55 SW Ash Street, Portland, OR 97204
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This morning Commissioner Jo Ann Hardesty offered the post of interim fire chief to Deputy Chief Ryan Gillespie and he accepted this offer.
Chief Gillespie will begin this post Feb. 1 after he returns from vacation. Chief Mike Myers has agreed to stay on an extra week, through the first week of February, to help Chief Gillespie with this transition.
Since Chief Myers made his announcement, Commissioner Hardesty had the opportunity to meet with many leaders from the bureau. “All of these leaders are impressive in their own way. I would have felt confident assigning any one of them the role of interim chief,” she said. “The one caveat I made to those who met with me is that the interim chief will be ineligible to be the next chief. It is my experience that allowing an interim to compete in the process provides an unfair advantage and discourages others from applying.”
Commissioner Hardesty says that Chief Gillespie impressed her with his knowledge of the bureau, his experience working in various divisions, and his support of Chief Myers’s vision. She noted that Chief Gillespie has been an early and ardent advocate on equity and can speak confidently and intelligently on the issue. Commissioner Hardesty also consulted with union leadership and they, too, support Chief Gillespie as interim chief.
Gillespie is currently assigned to Medical Services & Training Division. Projects and responsibilities in this assignment include: PF&R hiring and promotional processes, Community Health Assessment Team (CHAT), health and wellness program, EMS innovations, workplace assessment executive team, PF&R equity committee.
Chief Gillespie has been with PF&R since 1998 and has worked up the ranks from firefighter to deputy chief. He spent most of his emergency operations time as a firefighter, lieutenant, captain and battalion chief at fire stations in North and Northeast Portland. In addition, Chief Gillespie has worked at different ranks within PF&R’s training division with the responsibility of training and mentoring new PF&R recruits.
“One of my proud accomplishments has been working with Chief Myers and his team over the last 2 ½ years to evaluate PF&R’s culture, strengths, and weakness and to implement change to strengthen and improve the workplace and the services we provide to the community,” says Gillespie. “Chief Myers is leaving us with a legacy with which PF&R can continue to positively impact our community through his vision and innovation. I am excited for this opportunity to work closely with Commissioner Hardesty, the Executive Team from PF&R, and community members to continue Chief Myers’ vision until a permanent fire chief can be hired.”
Says Chief Mike Myers about Chief Gillespie: “I have long been impressed with Chief Gillespie’s intelligence, calm demeanor, passion for the fire service, and technical knowledge. He is a great leader and I think the commissioner has made an excellent choice.”
Boone will take reigns in August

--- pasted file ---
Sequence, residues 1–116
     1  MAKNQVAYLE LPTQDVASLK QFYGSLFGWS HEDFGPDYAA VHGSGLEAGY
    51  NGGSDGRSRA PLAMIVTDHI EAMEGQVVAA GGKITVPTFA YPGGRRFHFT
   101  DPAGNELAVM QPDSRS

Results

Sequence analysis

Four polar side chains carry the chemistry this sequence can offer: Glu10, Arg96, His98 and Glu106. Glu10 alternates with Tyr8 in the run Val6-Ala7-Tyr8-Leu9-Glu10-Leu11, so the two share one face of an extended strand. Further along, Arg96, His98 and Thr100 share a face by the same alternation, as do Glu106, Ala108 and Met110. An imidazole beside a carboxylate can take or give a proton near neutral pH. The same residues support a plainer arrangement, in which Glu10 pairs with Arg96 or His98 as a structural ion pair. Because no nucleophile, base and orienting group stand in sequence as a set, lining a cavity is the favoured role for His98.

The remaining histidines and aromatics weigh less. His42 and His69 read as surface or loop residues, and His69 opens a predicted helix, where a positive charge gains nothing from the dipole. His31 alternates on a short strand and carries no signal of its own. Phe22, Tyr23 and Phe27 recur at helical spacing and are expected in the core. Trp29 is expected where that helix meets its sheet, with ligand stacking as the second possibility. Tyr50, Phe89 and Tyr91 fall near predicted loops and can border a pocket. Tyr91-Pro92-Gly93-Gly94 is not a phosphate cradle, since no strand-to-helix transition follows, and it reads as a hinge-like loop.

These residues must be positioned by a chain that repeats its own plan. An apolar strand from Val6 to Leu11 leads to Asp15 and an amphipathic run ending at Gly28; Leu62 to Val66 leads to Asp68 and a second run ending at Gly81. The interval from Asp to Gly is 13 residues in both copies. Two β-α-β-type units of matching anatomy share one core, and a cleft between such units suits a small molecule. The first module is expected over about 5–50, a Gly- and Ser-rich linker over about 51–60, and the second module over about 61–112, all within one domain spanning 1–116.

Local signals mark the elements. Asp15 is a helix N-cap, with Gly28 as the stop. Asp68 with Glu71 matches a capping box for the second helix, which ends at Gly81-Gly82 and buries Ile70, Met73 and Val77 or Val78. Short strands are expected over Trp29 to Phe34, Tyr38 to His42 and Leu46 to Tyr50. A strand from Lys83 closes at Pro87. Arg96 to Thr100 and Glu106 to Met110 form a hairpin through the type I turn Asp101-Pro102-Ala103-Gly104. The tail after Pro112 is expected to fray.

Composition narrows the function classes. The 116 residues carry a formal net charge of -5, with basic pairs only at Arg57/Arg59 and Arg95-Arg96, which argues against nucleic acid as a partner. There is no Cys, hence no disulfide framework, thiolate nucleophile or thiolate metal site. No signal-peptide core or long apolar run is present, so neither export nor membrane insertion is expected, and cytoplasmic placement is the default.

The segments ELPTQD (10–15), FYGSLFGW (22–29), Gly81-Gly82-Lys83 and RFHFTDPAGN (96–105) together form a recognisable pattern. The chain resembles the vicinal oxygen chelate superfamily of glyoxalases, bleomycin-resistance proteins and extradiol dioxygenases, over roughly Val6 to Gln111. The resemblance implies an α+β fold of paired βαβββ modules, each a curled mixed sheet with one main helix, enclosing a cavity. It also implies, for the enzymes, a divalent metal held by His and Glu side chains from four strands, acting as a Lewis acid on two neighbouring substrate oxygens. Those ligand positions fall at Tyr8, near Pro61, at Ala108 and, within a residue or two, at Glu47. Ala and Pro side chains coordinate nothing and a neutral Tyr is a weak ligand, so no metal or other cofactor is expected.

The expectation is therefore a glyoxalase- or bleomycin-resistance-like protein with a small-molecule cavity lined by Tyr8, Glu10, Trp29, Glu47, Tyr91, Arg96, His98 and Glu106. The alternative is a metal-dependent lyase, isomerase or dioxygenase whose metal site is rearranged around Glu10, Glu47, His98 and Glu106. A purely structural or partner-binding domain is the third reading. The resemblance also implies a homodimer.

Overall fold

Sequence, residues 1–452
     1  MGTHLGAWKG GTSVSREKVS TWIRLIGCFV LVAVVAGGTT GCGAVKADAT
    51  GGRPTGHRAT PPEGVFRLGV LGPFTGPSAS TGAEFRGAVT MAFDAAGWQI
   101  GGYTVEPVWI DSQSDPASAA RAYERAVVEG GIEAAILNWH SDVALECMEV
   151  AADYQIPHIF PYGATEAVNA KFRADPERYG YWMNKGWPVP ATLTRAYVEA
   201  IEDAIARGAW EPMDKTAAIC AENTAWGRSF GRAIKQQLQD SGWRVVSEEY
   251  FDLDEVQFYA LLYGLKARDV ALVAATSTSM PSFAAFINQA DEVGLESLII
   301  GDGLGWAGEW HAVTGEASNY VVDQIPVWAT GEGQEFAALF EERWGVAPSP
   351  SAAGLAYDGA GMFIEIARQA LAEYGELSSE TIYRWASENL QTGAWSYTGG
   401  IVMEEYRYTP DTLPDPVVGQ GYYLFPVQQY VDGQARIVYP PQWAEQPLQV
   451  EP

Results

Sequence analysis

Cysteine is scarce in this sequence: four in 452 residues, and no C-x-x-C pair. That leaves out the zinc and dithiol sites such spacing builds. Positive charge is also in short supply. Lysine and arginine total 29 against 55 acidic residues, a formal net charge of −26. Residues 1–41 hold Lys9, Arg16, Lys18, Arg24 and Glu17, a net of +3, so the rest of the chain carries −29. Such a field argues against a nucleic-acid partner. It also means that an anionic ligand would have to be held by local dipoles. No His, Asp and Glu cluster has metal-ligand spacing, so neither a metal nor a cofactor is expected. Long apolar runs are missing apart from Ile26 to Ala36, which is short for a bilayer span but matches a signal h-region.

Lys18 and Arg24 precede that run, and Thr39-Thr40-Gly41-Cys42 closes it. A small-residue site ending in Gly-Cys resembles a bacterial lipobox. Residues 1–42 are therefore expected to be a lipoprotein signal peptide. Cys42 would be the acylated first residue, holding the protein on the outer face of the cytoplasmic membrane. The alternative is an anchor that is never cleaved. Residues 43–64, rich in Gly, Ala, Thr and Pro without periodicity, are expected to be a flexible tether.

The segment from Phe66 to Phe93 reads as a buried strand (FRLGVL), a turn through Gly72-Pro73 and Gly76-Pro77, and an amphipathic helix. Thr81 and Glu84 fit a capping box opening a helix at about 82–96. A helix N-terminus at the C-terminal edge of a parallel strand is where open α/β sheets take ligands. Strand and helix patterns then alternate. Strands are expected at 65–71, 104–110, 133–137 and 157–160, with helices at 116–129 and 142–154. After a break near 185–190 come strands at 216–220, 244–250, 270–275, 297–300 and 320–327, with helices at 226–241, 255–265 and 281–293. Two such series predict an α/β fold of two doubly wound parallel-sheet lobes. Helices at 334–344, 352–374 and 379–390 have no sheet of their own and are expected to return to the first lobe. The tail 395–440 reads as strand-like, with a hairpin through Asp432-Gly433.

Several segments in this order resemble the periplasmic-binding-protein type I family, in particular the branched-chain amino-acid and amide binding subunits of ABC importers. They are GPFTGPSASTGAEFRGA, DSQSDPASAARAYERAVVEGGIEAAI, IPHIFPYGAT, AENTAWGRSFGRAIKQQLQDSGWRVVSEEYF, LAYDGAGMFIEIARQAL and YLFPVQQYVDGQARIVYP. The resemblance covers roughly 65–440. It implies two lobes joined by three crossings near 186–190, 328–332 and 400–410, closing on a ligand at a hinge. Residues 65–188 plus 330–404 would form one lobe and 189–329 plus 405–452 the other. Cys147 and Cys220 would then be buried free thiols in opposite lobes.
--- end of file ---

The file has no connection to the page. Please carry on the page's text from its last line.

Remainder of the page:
Fire Commissioner Jo Ann Hardesty announced today that she has chosen Division Chief Sara Boone as the next Fire Chief for Portland Fire & Rescue. Chief Boone has been with Portland Fire & Rescue for 24 years, rising through the ranks from entry-level firefighter. Chief Boone has spent the majority of her career in emergency operations before transitioning into assignments as the Bureau’s Safety Chief, Logistics Deputy Chief, and currently, the Division Chief of Medical Services and Training.
“Chief Boone impressed our interview panels with her commitment to community, her technical knowledge, her passion for the fire service, and her leadership style,” says Commissioner Hardesty. “Chief Boone is well-respected throughout the bureau and we have a great collaborative relationship. I know that she has the vision and experience to lead the bureau as it takes on new challenges. I am confident that she will make sure our city is safe and cared for under her watch.”
In 1995, Chief Boone became the first African-American female firefighter to enter the ranks of Portland Fire & Rescue since its inception in 1883 and will become the first African-American Fire Chief for the City of Portland.
Chief Boone was raised in Northeast Portland and still calls the City of Portland her home. She attended Lincoln High School and excelled as an athlete, earning all-state and all-American honors in track and field. She earned an athletic scholarship to Boise State University, where she graduated with a Bachelor of Science degree in secondary education. While completing her student teaching at Marshall High School, she had a chance encounter with a Fire Inspector who encouraged her to test for Portland Fire & Rescue’s first firefighter apprenticeship program.
“I am deeply honored to be the next Fire Chief of Portland Fire & Rescue, a bureau I hold in high esteem because of the men and women who serve with honor, integrity, and sacrifice.” says Chief Boone. “My mission has always been caring for the city where I was raised. I am committed to ensuring that our responsiveness and our professionalism live up to the highest ideals of service, integrity, and equity.”
When Commissioner Hardesty first took office, she planned to execute a national search for the fire bureau’s next chief. After receiving feedback from the members of the bureau and meeting department personnel, she decided to start with an internal search. “It was clear that there were many talented leaders within Portland Fire & Rescue already and I wanted to put my focus there,” she says. Commissioner Hardesty believes interim directors should not be in the running for permanent positions as it affects the candidate pool and the process. Deputy Chief Ryan Gillespie was selected as the interim chief with the understanding that he would not apply for the permanent position. “Chief Gillespie did an excellent job as interim chief. He managed the bureau during a time of extreme transition with grace and professionalism. I thank him for his leadership,” says Commissioner Hardesty.